For more information on considerations for the removal of substances from the R-ICL, please visit the Removal of substances from the Revised In Commerce web page.

Risk assessment

Risk assessment summaries of pharmaceutical substances on the R-ICL

Health Canada's Therapeutic Products Directorate is responsible for authorizing therapeutic drugs for sale in Canada, verifying that they meet the safety, efficacy and quality requirements of the F&DA and its regulations. Health Canada is also responsible for undertaking assessments of pharmaceutical substances as environmental contaminants under the authority of CEPA 1999, extending risk assessment to the potential exposure of Canadians through environmental media such as air, soil, sediments and water while also considering the potential for exposure and impacts on the environment and its biological diversity.

A draft summary report of risk assessments for the first group of 20 pharmaceutical substances (and associated salts and isomers) is being prepared for publication. The summary report includes the following substances:

20 Pharmaceutical substances in report
CAS RN Pharmaceutical substance


Acebutolol hydrochloride

66376-36-1 (and 129218-43-0, 121268-17-5)

Alendronic acid (and alendronic sodium)


Atomoxetine hydrochloride

31677-93-7 (and 234447-17-7)

Bupropion hydrochloride (and isomer)





120202-66-6 (and 113665-84-2)

Clopidogrel bisulfate (and clopidogrel)


Divalproex sodium

57808-66-9 (and 83898-65-1)

Domperidone (and domperidone maleate)



299-42-3 (and 90-81-3 and 134-72-5 and 7460-12-0)

Ephedrine (and ephedrine dl-and ephedrine sulfate and pseudoephedrine sulfate)














Phenytoin sodium


Risedronate sodium



Further summary assessment reports will follow for other R-ICL pharmaceuticals that are prioritized for risk assessment, as well as for R-ICL substances in other functional use categories, such as substances used in natural health products and cosmetics.

These summaries provide an overview of information examined during the screening assessment, as well as the risk assessment conclusions. The key elements found in the summaries include:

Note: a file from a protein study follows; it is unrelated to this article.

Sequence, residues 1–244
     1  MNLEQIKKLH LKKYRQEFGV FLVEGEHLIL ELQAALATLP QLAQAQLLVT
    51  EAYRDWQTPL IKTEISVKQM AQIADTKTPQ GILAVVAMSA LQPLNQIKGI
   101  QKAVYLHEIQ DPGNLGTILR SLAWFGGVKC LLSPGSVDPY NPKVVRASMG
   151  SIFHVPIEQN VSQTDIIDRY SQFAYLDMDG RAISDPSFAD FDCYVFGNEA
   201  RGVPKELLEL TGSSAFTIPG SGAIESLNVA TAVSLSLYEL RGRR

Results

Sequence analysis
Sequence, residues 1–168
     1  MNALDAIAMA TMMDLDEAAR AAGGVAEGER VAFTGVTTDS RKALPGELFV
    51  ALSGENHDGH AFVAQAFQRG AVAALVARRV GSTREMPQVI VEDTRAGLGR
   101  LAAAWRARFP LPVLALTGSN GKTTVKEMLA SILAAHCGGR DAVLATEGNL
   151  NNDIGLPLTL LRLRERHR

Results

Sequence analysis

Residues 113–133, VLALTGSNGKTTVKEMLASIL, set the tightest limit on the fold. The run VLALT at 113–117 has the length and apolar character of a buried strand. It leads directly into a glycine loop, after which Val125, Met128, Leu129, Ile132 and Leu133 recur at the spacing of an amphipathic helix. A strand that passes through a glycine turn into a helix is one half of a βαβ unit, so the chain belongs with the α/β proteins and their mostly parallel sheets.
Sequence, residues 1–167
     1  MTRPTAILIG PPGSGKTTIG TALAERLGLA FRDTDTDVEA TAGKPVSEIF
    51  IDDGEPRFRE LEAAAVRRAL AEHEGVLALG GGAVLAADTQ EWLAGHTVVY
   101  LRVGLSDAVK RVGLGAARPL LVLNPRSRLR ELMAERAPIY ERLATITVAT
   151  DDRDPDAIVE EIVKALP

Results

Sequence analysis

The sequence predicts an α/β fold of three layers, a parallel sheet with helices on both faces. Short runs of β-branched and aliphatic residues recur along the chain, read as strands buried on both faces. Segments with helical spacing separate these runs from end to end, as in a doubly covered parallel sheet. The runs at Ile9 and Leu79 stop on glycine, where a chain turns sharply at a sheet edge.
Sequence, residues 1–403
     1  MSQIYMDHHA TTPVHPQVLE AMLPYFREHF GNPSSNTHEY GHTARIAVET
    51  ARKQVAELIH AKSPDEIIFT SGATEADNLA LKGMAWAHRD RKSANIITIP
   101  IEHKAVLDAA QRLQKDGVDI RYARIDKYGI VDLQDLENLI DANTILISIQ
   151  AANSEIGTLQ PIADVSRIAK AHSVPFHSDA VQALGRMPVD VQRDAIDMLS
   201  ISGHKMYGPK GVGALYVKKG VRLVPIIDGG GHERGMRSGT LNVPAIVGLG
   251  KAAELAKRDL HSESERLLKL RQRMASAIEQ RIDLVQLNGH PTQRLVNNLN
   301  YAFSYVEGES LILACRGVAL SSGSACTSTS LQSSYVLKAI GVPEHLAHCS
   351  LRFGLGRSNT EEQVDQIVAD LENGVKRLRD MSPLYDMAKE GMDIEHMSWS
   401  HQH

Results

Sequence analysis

1. substance identity
  2. use
  3. hazard
  4. exposure
  5. environmental fate
  6. assessment of environmental risk
  7. assessment of human health risk through environmental exposure

Additional information

  1. The substance names for chemicals and polymers that appear on the R-ICL accord with either the Chemical Abstracts Service (CAS) nomenclature, or the International Union of Pure and Applied Chemistry (IUPAC) nomenclature, or in the case of a living organism, acceptable international codes of nomenclature and standard taxonomic sources
  2. The term "substance identifier" can refer to:
    1. a CAS Registry Number (CAS RN)Footnote 1
    2. an Enzyme Commission (EC) Number assigned by the International Union of Biochemistry and Molecular Biology (IUBMB)
    3. an International Numbering System for Food Additives Number (INS Number) or
    4. an acceptable identifier for living organisms

Where multiple substance identifiers (CAS RNs) are listed on the R-ICL for a substance, the bold font and an asterisk (*) indicates the substance identifier which has most recently been assigned by CAS.

Contact information

Regulatory Affairs Unit
Health Canada
Healthy Environments and Consumer Safety Branch
Mail stop PL 4905B
Ottawa, ON K1A 0K9
Telephone: 1-866-996-9913 (in Canada) or 613-948-3591
E-mail: eau-uee@hc-sc.gc.ca

Please include your full contact information: name, address, phone number and email address.


Footnote 1

The Chemical Abstracts Service Registry Number (CAS RN) is the property of the American Chemical Society, and any use or redistribution, except as required in supporting regulatory requirements and/or for reports to the Government of Canada when the information and the reports are required by law or administrative policy, is not permitted without the prior written permission of the American Chemical Society.

Return to footnote 1 referrer